• God is omnipresent
  • God is all-merciful
Deed (or Event) Assertions (DA):
  • God created the Universe
  • God created all life on Earth
Intent Assertions (IA):
  • God has a plan for all of us
  • God does everything for the good
[There could be additional assertions too, for example an Attribute Assertion that God is male. However, this is not likely to be universally accepted by theists. The Vedantins, for instance, claim that there exists a Supreme Consciousness but make no assertions about the gender of this being. Worshippers of the Mother Goddess see divinity as feminine.]

[Not all theists accept all of the above assertions. I personally know of one person who implicitly rejects the Intent Assertions above because of their paranoid belief that God is malevolent and vindictive, and who prays only to humour him.]

Now, all these assertions are independent (of course, the Existence Assertion is an obvious precondition for all of the others). Importantly, we should recognise that one or more of these assertions may be proven or disproven without impact upon the others. We should also recognise that some of these assertions may be partially proven or disproven (e.g., that God may not be all-knowing, but knows more than all humans put together).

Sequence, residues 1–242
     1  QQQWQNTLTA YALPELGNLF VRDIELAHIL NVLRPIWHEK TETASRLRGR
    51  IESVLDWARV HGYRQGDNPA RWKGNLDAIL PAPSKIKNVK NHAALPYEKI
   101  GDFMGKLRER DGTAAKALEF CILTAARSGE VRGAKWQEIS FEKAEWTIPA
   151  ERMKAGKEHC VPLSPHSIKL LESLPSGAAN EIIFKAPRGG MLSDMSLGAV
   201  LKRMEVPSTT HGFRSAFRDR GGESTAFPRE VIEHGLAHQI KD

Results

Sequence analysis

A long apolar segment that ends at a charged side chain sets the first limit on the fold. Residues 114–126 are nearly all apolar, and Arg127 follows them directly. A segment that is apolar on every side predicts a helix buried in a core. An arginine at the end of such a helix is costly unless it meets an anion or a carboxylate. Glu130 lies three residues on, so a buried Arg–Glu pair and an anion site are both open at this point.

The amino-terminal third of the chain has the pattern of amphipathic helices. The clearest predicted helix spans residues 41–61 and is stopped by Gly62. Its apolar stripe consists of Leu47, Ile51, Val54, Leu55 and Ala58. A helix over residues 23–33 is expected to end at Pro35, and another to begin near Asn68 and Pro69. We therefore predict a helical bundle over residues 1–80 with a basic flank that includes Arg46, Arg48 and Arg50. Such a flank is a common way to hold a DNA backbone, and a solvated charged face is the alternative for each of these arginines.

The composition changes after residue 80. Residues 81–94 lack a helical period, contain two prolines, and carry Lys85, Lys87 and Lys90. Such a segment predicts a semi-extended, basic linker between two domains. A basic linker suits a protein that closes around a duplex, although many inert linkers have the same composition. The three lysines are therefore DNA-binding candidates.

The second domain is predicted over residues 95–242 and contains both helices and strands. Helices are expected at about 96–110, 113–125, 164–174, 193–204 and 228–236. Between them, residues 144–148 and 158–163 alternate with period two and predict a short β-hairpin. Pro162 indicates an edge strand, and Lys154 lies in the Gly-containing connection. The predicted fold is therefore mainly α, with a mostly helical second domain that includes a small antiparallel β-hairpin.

While theism takes all the above assertions as valid without proof, atheism doesn't always do a convincing job of disproving them either. Part of the reason is that atheistic arguments take the compound claims of religion at face value and do not tease apart the various assertions within them. This approach may be good for winning an argument, but not for establishing the truth. As a rationalist, I am more interested in the truth than in proving a prior position.